an insulating base material provided with holes;
a first conductive layer having contacts which are plastically deformed portions of said first conductive layer, said contacts being provided at positions corresponding to said holes and being protruded from said insulating base material; and
reinforcement members provided on said contacts on a first surface of said contacts, said first surface being facing towards said holes,
wherein said contacts are provided at positions corresponding to said electrodes of said electronic component to be tested.
5. A method of testing an integrated circuit electronic component provided with a plurality of electrodes using a contactor comprising:
an insulating base material provided with holes;
a first conductive layer having contacts which are plastically deformed portions of said first conductive layer, said contacts being provided at positions corresponding to said holes and being protruded from said insulating base material,
wherein said contacts are provided at positions corresponding to said electrodes of said electronic component to be tested; and
reinforcement members provided on said contacts on a first surface of said contacts, said first surface being facing towards said holes, said method comprising the step of electrically connecting said contacts of said contactor and said electrodes of said electronic component.
Description
BACKGROUND OF THE INVENTION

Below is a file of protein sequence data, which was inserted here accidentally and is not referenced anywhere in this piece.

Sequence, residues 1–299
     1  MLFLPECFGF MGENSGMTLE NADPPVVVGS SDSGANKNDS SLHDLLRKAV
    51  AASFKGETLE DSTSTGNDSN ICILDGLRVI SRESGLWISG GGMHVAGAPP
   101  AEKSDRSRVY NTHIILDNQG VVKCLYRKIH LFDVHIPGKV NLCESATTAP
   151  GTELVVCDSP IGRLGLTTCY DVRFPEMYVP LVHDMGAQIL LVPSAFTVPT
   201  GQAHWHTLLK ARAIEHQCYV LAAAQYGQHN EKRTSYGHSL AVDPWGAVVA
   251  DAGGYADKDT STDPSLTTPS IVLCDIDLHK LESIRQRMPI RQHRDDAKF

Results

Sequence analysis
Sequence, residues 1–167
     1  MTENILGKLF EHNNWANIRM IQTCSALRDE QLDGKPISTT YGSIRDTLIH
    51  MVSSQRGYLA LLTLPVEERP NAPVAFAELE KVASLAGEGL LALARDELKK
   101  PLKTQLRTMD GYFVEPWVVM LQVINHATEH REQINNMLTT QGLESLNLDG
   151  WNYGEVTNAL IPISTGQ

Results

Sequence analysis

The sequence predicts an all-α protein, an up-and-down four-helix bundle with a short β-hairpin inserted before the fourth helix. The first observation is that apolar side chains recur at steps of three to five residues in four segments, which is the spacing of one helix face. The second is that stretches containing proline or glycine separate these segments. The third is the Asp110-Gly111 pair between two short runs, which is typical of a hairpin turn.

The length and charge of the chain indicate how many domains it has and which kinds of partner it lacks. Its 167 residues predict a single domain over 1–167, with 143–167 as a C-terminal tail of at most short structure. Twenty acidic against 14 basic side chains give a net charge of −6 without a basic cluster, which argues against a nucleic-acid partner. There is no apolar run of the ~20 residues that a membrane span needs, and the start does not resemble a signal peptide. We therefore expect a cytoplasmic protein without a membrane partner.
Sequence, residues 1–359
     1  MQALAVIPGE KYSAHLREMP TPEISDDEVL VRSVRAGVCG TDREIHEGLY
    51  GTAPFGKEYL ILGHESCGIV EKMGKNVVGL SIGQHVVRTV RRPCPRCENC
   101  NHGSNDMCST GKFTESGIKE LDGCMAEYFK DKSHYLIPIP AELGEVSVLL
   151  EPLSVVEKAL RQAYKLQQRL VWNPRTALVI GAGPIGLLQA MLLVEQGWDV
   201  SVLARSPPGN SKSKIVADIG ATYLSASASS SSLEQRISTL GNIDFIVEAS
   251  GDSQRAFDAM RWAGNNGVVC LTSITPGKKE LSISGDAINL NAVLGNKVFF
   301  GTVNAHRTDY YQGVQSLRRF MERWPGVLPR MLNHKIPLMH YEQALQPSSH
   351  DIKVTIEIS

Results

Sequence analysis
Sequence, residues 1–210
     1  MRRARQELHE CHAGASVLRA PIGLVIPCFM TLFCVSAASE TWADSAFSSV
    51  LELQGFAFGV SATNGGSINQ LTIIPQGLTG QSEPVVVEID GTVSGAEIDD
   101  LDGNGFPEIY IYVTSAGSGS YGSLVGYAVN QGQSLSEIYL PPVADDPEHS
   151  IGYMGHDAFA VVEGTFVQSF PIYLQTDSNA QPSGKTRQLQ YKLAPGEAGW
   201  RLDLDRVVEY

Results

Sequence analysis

1. Field of the Invention

The present invention generally relates to a contactor used for testing an integrated circuit electronic component. The present invention particularly relates to a contactor used for testing high-density semiconductor chips, a testing device using such a contactor, a method of manufacturing such a contactor and a testing method using such a contactor.

Recently, there is a need for electronic components, particularly semiconductor chips, which are provided with electronic circuits having reduced size, increased processing speed and high density. Accordingly, electrodes provided on such an electronic circuit will have a fine-pitched structure. Therefore, there is a need for a contactor which can establish a secure electrical connection with the electronic circuit when testing or mounting such an electronic circuit.

2. Description of the Related Art

It is known to use a contactor for testing an electronic component such as a semiconductor device. During the test, the contactor is electrically connected to the electronic component to be tested. One example of such contactor is a membrane type contactor including a thin insulating film provided with hemispherical contacts plated thereon. During the test, the hemispherical contacts are connected to spherical connection terminals (bumps) of the semiconductor device.